Night Vision: Some Questions Posed by Lois Patiño’s Negative Image Night Without Distance
One of the best films I saw during this year’s NYFF cost nothing to access. Paired with Calum Walter’s (very strong) Terrestrial as part of a free program running on a loop for a day during the Projections weekend, Lois Patiño’s Night Without Distance is a hypnotic 21-minute experiment that immediately gets your attention for a very simple reason: all the images have been negative reversed, creating a whole new patina for what could otherwise be an overfamiliar landscape. The festival film world has seen a surplus of post-Apichatpong forest reveries, to which Night Without Distance restores a sense of mystery: the grass is purple, the night sky ominously tinged with blue, swaying plants unexpected shades of yellow. Incident-wise, we’re on fairly familiar slow cinema terrain. The narrative deals with border-crossing smugglers, hence the guns below, but suspense is mitigated by the intense quiet and some expected images/near-tropes — people sitting quietly by a river, rustic villages in which the wind moves faster than the citizens — which it’s possible to be sucked in by in a new way. Sample the trailer for a taste:
Negative image-reversal is far from unprecedented, but this is, as far as I’m aware, the first film to stick with this method from start to finish. This isn’t a negligible question: if Patiño is the first person to get here, he gets points for conceptual imagination even if you’re not thrilled by the execution, but if you’re a skeptic and he’s just late to the party then there isn’t much to take away. (Comment on this question is invited.) I rewatched the film with critic/avant-garde director Blake Williams, who’s not convinced there’s all that much to the film. To prove his point, he started screengrabbing images from FestivalScope, opening them up in a photo editing app, and within two minutes he’d succeeded in reversing them back to their original point.
Blake’s point was that this isn’t too hard to pull off: reversing the image does a lot of the visual work, while the specific color tweaking is just details. It’s precisely those details that make all the difference, I think — the world as vividly colored and artificial as a very expensive video game’s landscapes — but it’s worth looking at some before and after stills to delve into this a little further. When you start looking at the differences, it’s pretty clear to me that Patiño’s short is far more than a simple gimmick applied to novel ends. (Sorry about the smaller-sized first image, it’s a long story.)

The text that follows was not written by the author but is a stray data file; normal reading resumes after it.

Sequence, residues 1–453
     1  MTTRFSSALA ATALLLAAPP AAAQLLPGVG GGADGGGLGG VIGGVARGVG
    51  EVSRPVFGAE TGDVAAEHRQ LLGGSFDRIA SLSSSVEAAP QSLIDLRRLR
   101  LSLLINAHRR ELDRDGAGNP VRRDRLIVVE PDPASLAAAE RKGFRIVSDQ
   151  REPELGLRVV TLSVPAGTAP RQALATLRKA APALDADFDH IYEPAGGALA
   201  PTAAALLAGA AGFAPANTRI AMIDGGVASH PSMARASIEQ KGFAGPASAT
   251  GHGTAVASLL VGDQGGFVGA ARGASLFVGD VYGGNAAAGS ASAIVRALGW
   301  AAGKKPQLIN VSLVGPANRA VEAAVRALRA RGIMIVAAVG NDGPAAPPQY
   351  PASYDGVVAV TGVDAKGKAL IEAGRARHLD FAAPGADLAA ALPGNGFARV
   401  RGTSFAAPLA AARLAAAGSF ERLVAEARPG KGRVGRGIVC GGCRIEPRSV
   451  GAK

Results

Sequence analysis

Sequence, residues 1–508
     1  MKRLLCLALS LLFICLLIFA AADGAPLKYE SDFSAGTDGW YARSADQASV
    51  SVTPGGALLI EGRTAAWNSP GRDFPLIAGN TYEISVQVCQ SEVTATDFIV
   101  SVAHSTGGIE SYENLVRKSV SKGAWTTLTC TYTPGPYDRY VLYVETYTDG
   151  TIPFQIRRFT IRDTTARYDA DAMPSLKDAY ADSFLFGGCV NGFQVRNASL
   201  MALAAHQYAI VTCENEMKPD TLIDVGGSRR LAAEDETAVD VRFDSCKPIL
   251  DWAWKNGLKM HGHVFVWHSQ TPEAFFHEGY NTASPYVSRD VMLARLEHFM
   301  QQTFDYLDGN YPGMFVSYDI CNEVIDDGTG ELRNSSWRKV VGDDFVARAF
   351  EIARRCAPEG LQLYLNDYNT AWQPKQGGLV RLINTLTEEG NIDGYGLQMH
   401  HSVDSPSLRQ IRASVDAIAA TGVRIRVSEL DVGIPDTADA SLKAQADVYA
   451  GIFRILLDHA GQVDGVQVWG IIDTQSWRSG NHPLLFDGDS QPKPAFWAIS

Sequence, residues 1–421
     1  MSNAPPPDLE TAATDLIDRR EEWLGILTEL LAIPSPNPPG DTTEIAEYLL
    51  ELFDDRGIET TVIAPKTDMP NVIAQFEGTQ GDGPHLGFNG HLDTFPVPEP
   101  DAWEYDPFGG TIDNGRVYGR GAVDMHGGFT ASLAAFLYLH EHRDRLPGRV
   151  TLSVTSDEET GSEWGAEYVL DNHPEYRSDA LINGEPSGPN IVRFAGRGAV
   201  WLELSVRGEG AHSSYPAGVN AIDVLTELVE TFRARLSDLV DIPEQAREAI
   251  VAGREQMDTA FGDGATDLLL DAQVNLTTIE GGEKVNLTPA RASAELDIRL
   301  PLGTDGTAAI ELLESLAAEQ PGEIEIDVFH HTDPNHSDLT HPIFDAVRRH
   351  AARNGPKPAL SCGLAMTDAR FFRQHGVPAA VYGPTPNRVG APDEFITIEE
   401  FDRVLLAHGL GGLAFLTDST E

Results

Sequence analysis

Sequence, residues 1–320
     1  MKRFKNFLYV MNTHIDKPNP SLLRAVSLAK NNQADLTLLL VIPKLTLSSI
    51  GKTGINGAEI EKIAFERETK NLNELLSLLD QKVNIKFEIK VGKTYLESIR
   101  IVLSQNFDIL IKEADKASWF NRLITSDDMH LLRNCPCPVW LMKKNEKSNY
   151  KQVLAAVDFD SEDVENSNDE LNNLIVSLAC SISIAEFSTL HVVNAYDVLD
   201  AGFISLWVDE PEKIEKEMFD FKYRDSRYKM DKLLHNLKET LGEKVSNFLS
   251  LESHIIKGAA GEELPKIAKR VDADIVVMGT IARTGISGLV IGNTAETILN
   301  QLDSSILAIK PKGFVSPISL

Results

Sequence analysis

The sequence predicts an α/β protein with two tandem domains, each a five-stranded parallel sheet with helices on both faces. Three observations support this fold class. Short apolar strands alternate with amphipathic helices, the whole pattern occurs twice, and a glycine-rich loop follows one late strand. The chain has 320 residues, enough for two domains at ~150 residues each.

It’s immediately obvious that the original images are blown out to a very bleached extreme — that is, that Patiño conceptualized the film from the get-go as being shot this way so that the inverted image would be that much richer and unexpected color-wise than if a more normally color-distributed, less blown-out image were used to produce a negative image with the type of palette we’re more used to.
The differences here are even starker — the original image has very little in the way of “color palette” to speak of, while the negative image is almost sepia disrupted somewhat violently by blue and orange. We can also see how the negative image is both a visual and economic strategy: working from a relatively low-cost HD image rather than, say, a 6K camera, Patiño complete obscures his comparative lack of resources. All you need is a guy in a t-shirt and jeans willing to sit quietly for a bit and you’re set. (This is how I wish Avatar‘s Pandora looked.)
A frozen, bored smile becomes inscrutable in darkness, the fact that someone’s holding a not very convincing prop gun irrelevant — menace can be applied as an after-effect, in the same way that the very-natural-sounding night landscape has obviously been heavily tampered with and to some extent created in post. It is a paradox of the film that though we know that logically what we’re looking at must have been shot in the day, the inverted color palette suggests “night,” per its title, rather than an inverted day.
And this is just cool: a completely unexceptional guy whose facial expression suggests absolutely nothing becomes a threatening nighttime guardian, a human model mannequin brought to expressive life.